In Patrick Hughes ’ “ The Man from Toronto ,” a throwback buddy action-comedy that offsets its run-of-the-mill sense of humor with a pair of appealing leads, everything about the lovable Teddy Jackson ( Kevin Hart ) screams screw-up from the get-go.
A soon-to-be-jobless salesperson at a modest Virginia gym, Teddy is introduced via a series of hysterically cringe-y online videos in which he stubbornly tries to launch the next big workout sensation. But his elastic resistance belt TeddyBand — one of his painfully inane inventions — does nothing other than slap him in the face. The dodgy pull-up bar he’s designed? It promptly collapses. In fact, this wannabe internet sensation is so famously a failure in his pursuits that his saintly wife Lori’s (Jasmine Matthews) law-firm colleagues have coined the saying “Teddy’ed it” after him, a phrase used whenever someone messes up at work.
What do you get when someone so inept gets mistaken for a notoriously competent assassin — namely, poker-faced Woody Harrelson ’s eponymous “MFT” — and unwittingly teams up with him on a risky mission? Naturally, a big, fun mess that involves globe-trotting deeds, surly hitmen, plenty of acerbic bickering and the FBI. To their credit, screenwriters Robbie Fox and Chris Bremner cook up an appealing dish from this recognizable recipe, even as “The Hitman’s Bodyguard” director Hughes gradually overstuffs their simple plot toward the finale.
On the whole, however, the team still delivers something compulsively watchable, with playful nods to countless opposites-attract, good cop/bad cop buddy flicks, à la “48 Hours,” “Trading Places” and “Lethal Weapon.” In that regard, “The Man from Toronto” — originally slated for theaters by Sony pre-pandemic and now being released by Netflix after long Covid-related delays — should find a healthy audience in the streaming world through its familiar nostalgic aura and ever-charismatic stars.
So how does the mix-up happen exactly? It all starts with an AirBnB address rendered illegible by Teddy’s printer. (He isn’t particularly gifted at maintaining household electronics.) It feels like a contrived way to kickstart things, but you go along with it anyway when Teddy surprises his abundantly tolerant wife Lori with the romantic arrangements before her birthday. And in due course, he inevitably shows up at a very wrong address where the infamous MFT is scheduled to torture some top-secret information out of an international criminal, using his brutally medieval methods that involve a substantial number of blades. Cutting a deal with the FBI after the confusion, Teddy agrees to continue posing as the MFT to help them bring down a global network of dangerous crooks.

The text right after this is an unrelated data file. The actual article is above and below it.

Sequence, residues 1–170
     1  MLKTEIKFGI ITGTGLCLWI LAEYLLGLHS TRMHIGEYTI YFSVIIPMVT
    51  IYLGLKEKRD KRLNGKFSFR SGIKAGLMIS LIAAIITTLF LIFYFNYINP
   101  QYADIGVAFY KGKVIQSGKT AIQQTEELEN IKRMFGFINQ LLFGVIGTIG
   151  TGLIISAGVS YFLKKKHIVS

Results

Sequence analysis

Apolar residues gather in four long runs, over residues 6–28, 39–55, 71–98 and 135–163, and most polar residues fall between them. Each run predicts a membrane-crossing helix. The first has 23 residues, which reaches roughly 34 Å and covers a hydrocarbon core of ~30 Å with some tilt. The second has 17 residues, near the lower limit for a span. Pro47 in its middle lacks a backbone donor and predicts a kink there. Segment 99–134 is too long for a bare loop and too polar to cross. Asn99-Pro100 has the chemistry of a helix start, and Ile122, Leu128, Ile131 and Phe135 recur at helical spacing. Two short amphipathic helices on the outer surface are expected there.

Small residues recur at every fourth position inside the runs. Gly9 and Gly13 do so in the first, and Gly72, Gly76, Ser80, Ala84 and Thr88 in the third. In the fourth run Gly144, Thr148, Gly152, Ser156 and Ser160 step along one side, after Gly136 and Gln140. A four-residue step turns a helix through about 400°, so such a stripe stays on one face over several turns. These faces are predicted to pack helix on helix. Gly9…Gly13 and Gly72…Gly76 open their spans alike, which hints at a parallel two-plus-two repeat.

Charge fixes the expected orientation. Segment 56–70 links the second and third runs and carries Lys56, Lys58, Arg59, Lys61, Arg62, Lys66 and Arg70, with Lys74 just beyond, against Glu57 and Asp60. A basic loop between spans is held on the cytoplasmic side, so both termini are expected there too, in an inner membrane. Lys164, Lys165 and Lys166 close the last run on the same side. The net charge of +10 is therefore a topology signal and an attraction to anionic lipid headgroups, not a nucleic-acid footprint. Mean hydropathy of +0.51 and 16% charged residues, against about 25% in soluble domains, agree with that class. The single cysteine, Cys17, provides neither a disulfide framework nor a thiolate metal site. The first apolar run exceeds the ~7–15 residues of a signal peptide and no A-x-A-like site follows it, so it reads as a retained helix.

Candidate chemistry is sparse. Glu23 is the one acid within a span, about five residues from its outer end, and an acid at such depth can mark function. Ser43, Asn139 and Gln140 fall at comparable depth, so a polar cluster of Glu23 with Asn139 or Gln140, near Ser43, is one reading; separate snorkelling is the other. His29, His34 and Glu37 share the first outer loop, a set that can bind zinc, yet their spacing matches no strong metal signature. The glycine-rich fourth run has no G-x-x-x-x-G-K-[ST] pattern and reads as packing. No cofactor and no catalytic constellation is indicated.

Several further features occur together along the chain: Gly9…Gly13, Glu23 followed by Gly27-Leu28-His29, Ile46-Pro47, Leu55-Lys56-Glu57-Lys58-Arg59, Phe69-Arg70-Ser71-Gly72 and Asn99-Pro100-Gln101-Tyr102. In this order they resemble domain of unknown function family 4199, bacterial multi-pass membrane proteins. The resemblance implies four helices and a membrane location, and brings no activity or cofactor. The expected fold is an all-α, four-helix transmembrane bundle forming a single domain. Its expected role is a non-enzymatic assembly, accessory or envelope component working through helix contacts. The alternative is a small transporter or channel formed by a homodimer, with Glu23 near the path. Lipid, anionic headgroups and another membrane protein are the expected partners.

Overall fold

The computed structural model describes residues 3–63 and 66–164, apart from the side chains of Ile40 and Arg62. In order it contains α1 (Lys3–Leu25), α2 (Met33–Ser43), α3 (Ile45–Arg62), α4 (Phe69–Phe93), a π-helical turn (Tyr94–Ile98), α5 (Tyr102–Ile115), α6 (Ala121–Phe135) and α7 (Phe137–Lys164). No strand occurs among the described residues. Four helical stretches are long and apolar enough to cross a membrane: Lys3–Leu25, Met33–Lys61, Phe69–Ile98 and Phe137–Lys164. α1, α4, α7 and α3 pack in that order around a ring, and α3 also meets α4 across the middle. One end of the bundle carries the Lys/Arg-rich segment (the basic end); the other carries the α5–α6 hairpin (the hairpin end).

The movie spares us the sight of the real Torontonian filleting his subjects with his sharpened tools, though it’s clear that he takes ample pride in the process. Through a playful intro, we get the sense that this poetry-loving closet foodie would rather use his knife skills for culinary pursuits than chasing handsomely paid jobs masterminded by his handler, a Charlie-esque figure played by an enigmatic Ellen Barkin.
It’s all too foreseeable from here on out once the MFT, who never seems quite as tough as his reputation suggests, puts the pieces together and exploits a clueless Teddy as his professional wingman. But we ease into the laid-back predictability of it all so smoothly, “The Man from Toronto” survives its flaws. Also an asset is the well-defined bromance chemistry between a delightfully motormouth Hart and quietly sarcastic Harrelson, as their distinctly dissimilar characters correct course for one another through escapades both airborne and earthbound.
Working from a far better script than both the rambling “The Hitman’s Bodyguard” and stuffy “The Expendables 3,” Hughes friskily choreographs numerous high-octane fight and chase sequences around them, coherently edited by Craig Albert and captured by “Mission: Impossible – Fallout” cinematographer Rob Hardy’s agile lens. While the resulting package is far less elegant than an “MI” movie, it still exudes an old-fashioned cinematic vibe — assuming you can overlook one or two glaring green screens, that is.
Which is why it’s a bummer when “The Man from Toronto” surrenders to a needlessly loud and bloated finale, a common misstep that pollutes many a blockbuster these days. Indeed, you wish the time spent introducing various other “Men” — from Tacoma, Tokyo, Moscow, etc. — in the last act had been dedicated to deepening the film’s two main female characters, instead of haphazardly setting the ground for potential sequels and spin-offs. One of these women is the inexplicably serene Lori, whose extreme patience with Teddy we never quite buy. The other is MFT’s eventual love interest, Anne…